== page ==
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The flip side of Foreign Direct Investment
Indian retail market earlier consisted of culturally-evolved owner-managed small shops. During last decade, supermarkets in the home-grown private sector and single-brand foreign retailing shops have opened in the bigger cities of India to have a share of about 4 percent of the retailing industry.

INDIA, UNTIL late 2011, was against Foreign Direct Investment (FDI) in multi-brand retailing industry. However, FDI in single-brand, limited to 51% ownership, was allowed through a government controlled process.

It was in November, 2011 the UPA government announced retail reforms to allow multi-brand retailers such as Walmart, Carrefour and Tesco to enter into the fray. But in the wake of intense opposition, the government placed the retail reforms on hold till it reached a consensus.

On 14 September 2012, the opening of FDI in multi-brand retail, subject to approvals by individual states, was announced by the UPA government. Thereafter, on 20 September 2012, the reform was formally notified to be made effective under Indian law. Only today, i.e December 7, the government managed an easy victory in Rajya Sabha following a win in the Lok Sabha yesterday.

The critics of the reform have the following to say.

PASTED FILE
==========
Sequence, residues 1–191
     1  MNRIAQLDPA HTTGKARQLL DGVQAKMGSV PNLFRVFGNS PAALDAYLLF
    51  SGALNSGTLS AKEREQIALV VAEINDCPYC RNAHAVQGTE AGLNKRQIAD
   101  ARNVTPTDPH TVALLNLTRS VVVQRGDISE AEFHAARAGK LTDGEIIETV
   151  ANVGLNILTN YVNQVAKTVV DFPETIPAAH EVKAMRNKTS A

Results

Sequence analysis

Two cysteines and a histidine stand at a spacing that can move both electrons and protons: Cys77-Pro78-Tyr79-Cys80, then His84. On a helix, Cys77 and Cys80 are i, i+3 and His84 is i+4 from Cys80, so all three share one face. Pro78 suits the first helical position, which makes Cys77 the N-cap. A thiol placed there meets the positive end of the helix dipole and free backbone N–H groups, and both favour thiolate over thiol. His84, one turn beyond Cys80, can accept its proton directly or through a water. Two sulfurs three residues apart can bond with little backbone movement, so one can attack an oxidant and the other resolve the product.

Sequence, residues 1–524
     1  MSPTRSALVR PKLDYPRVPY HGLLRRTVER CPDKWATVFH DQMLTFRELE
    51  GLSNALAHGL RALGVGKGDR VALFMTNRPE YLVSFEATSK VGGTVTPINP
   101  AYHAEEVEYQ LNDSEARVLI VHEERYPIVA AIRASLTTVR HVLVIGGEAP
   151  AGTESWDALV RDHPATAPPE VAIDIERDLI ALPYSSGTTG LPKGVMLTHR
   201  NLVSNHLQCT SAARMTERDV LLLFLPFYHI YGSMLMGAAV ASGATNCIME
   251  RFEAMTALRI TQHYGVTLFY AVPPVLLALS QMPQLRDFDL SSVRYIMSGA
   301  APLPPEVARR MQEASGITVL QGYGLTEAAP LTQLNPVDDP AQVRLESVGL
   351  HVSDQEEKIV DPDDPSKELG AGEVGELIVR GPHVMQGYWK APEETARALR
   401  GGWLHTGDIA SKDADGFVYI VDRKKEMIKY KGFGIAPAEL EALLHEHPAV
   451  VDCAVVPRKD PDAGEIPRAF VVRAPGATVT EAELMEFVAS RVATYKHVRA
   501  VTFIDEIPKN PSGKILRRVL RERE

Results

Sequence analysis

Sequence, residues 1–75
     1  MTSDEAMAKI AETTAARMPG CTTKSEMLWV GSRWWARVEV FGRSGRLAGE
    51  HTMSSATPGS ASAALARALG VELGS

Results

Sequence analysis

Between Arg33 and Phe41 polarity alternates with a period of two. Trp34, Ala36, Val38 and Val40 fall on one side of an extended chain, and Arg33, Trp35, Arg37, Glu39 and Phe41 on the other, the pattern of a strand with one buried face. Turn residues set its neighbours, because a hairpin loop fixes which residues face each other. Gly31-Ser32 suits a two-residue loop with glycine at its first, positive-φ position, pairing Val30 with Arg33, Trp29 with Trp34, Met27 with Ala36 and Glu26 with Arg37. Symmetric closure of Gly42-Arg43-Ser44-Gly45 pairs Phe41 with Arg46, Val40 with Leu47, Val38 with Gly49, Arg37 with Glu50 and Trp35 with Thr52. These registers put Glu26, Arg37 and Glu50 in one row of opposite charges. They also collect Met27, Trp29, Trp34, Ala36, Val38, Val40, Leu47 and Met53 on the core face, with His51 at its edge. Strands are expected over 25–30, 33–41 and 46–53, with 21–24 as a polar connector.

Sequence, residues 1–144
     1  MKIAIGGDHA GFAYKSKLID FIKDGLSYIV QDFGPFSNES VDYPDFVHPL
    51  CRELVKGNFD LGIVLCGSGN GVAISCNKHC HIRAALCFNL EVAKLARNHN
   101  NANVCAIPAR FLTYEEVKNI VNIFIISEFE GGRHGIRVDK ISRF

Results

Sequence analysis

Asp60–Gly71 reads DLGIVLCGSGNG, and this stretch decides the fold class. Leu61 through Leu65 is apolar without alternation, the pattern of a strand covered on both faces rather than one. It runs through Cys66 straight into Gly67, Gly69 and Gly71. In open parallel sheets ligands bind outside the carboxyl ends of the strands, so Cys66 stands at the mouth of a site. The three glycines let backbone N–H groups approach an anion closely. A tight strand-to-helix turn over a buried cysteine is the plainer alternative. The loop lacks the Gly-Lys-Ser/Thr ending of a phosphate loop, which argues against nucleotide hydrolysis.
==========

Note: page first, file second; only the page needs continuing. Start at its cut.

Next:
- There will be closure of a large number of independent owner-managed stores and immense job losses. It is believed that few thousand jobs of sales-persons may be created but work of millions in the labour market will be lost.

- The increased monopoly will force the suppliers to drop prices on the whims of multi-brand retailers. It is feared that this may not benefit farmers and the suppliers of Walmart.

- The local economy and services will receive a jolt. It is being held that the work will be done by fewer Indians and profits will go to foreigners as per the functioning style of Walmart.

- The large and rich retailers making huge profits most likely aren't going to spend money for local development.

- Social isolation will increase and similarity and homogeneity will kill the diversity of India. It is being felt the local touch of city shops will be lost and our cities will look like cities anywhere else in the world.

The opposition parties have likened the reform as a second entry of the East India Company in the country in the form of multi-brand retailing industry and eventual political takeover of the country in a new format. "The government claims modern retail will create 4 million new jobs. This cannot be true because Walmart, with over 9000 stores worldwide, has only 2.1 million employees," said a BJP statement.

Editorial NOTE: This article is categorized under Opinion Section. The views expressed in this article are solely those of the author and do not necessarily represent the views of merinews.com. In case you have a opposing view, please click here to share the same in the comments section.
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